Not dissimilar to our eighth entry, SOMA, Outlast is a game about, well, outlasting your predator. Taking place in a psychiatric hospital (or ‘insane asylum’ as they were once known), our protagonist must use his wits and a lot of luck to avoid the inmates who have escaped and taken control of the building. Knowing that everything in the game wants to hurt and kill you (and that you haven’t had a single ally aid you) creates an utterly horrifying experience. There is no way to attack — you can only run and hide, and while the game does rely on jump scares here and there, it still uses some excellent visual and sound tricks to produce some horror moments that will really stick with you.
4 Alien Isolation
Cementing the first-person horror trend begun by Outlast in 2013, Alien Isolation is an astonishing video game. Set in the world of Xenomorphs and big, strong, crate-lifting exoskeleton things, this absolute gem of a game leans heavily on the mood and aesthetics of the original Alien. With tight corridors, blinking lights, limited weapons and ammunition, and three distinct enemy types, this game is the complete horror experience. The game's refusal to try and modernize its sci-fi aesthetic—instead opting to capture the set, costume, and character design of the '70s film—was just the best decision. Fan of Resident Evil or not, this game is for you. It’s for everyone who appreciates game design and likes a good scare.
3 Dead Space
Our top three games each stick closest to the formula we’ll see in the Resident Evil 2 remake, but each has something uniquely enticing about it. For Dead Space, that something is, uh, space. Inspired by Resident Evil 4, Dead Space is a survival horror game set on an abandoned space station (hello, Alien, good to see you again so soon). With a checklist of mechanics and level design lifted straight from Resident Evil (interconnected map, inventory management, ammo that must be scavenged, uniquely-disposable enemies, over-the-shoulder action), Dead Space smartly adds in a few original ideas. There are varied weapons repurposed from cool sci-fi mining tools, a health bar contextually applied to the suit of the protagonist, and a menu system that doesn’t pause the game. This game still holds up tremendously and will go down in history as a real horror classic.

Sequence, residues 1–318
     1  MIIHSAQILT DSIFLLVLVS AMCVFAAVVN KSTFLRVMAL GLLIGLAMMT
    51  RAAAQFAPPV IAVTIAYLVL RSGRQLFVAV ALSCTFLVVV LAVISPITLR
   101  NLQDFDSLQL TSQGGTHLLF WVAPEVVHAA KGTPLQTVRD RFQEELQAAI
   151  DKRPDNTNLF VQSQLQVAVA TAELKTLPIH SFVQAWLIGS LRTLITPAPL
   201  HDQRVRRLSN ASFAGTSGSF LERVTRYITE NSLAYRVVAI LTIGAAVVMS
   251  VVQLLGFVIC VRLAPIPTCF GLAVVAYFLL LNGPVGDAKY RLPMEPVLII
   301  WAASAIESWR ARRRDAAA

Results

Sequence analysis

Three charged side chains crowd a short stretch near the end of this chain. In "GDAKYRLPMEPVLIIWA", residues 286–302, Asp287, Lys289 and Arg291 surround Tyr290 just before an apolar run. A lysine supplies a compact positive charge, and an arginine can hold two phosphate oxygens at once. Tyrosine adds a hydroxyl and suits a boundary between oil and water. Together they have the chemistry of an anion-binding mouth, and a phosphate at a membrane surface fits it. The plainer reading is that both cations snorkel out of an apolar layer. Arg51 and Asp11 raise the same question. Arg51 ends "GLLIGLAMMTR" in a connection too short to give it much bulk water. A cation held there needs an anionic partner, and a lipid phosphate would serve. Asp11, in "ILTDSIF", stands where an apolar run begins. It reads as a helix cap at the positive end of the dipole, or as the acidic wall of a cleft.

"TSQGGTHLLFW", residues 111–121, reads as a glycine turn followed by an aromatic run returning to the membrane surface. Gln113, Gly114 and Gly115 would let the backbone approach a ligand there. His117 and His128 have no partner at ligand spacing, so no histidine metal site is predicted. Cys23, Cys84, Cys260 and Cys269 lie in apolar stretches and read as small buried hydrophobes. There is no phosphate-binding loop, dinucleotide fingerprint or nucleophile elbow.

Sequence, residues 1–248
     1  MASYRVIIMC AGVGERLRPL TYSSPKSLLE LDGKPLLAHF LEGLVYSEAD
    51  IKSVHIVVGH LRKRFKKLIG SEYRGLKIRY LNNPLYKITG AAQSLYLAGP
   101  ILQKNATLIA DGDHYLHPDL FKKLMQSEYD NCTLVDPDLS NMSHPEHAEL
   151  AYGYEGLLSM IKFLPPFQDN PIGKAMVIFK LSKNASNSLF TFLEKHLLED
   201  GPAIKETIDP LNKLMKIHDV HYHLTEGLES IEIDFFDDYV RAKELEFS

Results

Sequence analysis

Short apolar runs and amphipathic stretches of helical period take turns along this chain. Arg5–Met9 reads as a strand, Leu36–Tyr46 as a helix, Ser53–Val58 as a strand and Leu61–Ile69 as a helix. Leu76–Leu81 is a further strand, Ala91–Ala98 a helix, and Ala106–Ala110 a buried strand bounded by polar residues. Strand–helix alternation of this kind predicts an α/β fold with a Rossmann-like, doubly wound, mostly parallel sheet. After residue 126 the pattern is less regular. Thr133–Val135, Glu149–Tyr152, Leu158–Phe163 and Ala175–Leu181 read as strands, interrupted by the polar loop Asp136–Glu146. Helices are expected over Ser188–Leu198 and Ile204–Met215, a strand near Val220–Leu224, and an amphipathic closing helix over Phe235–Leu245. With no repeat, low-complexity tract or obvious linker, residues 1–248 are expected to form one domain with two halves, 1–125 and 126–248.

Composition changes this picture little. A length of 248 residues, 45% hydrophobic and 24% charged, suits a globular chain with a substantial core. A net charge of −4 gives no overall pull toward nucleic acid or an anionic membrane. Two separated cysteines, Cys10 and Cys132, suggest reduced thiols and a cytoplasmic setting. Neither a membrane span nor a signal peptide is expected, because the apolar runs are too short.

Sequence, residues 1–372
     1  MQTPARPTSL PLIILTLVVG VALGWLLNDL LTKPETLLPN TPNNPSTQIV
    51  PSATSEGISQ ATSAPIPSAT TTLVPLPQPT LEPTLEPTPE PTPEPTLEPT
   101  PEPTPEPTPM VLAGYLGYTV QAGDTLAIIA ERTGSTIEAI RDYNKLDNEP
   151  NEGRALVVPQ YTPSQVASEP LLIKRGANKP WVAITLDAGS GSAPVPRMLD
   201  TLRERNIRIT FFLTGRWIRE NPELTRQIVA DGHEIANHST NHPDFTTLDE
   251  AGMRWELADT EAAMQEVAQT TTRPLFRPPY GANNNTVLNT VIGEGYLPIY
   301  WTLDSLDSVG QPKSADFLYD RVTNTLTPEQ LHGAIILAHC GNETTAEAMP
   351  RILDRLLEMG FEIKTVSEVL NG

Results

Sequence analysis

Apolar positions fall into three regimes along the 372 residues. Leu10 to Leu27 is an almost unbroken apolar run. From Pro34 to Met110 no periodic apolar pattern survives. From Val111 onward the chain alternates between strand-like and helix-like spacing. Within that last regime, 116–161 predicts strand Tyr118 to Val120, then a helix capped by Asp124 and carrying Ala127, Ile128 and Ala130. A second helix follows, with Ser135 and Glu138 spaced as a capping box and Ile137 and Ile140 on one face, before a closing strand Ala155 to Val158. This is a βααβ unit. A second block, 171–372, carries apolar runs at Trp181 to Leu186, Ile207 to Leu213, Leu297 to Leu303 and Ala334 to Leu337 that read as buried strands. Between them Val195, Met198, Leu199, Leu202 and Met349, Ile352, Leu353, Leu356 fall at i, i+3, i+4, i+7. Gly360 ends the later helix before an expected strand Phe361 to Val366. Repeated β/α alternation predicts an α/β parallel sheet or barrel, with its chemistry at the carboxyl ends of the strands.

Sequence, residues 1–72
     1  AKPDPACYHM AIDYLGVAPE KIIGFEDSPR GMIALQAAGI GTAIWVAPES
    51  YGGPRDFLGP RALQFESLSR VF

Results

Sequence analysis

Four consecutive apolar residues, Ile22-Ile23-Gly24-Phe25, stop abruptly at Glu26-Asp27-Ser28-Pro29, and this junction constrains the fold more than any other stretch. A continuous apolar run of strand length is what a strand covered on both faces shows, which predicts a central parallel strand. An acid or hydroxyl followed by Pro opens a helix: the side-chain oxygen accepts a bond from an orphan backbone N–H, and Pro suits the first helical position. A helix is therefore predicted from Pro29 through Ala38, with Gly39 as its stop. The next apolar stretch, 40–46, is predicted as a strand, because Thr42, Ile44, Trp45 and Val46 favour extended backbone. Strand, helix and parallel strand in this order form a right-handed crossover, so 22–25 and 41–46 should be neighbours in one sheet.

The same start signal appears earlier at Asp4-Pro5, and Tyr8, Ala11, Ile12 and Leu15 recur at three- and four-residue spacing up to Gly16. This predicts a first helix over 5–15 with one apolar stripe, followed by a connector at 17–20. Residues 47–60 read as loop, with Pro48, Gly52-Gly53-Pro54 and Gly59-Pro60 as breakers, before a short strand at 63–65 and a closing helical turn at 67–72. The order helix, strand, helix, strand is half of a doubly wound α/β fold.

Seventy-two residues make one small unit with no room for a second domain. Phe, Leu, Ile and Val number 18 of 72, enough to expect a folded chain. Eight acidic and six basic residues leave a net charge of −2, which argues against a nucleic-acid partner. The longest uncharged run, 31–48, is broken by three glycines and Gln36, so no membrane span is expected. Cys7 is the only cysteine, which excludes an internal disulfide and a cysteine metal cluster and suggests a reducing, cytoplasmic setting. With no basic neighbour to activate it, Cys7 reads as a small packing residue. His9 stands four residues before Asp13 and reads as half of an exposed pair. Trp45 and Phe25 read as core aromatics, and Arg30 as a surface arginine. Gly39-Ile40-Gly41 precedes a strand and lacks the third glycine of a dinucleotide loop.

2 The Evil Within (1 and 2)
Two for the price of one, the first Evil Within was directed by the legendary Shinji Mikami (of Resident Evil 4 fame) and the second by his protegee. The Evil Within is very much Resi 4 with a new skin. Everything fans loved about that game is here, as well with current-gen graphics, physics, and lighting effects. It's a far darker nightmare aesthetic. Both games use the concept of ‘the nightmare’ as a means of crafting a series of games that utilizes every single creepy horror trope imaginable (body horror, distorted landscapes, butcher shops, rooms flooded of blood, torture chambers). You name it, it’s there in these games.
1 Resident Evil 4
It’s no surprise that this game is number one. Mentioned alongside almost every other game on this list, and sharing a series with the titular game, this is where modern horror came from. Every mechanic already mentioned on this list (over-the-shoulder camera, inventory management, ammo and health pick-ups, exciting set-pieces) started with this game. What is often overlooked as part of the game’s genius, however, is its glorious campiness.
Now, campiness isn’t for everyone, but Japanese developers, writers, and artists excel at it. The enemies here are designed with a high creep factor as well as a high camp-factor. The dialogue is cheesy to the point of cringing; the setting has an oozing sense of melodrama; and every big moment is hilariously hyperbolic. This game is so much fun and an absolute must-play for every horror fan. Fortunately, it’s been ported almost as much as Skyrim, so go find it.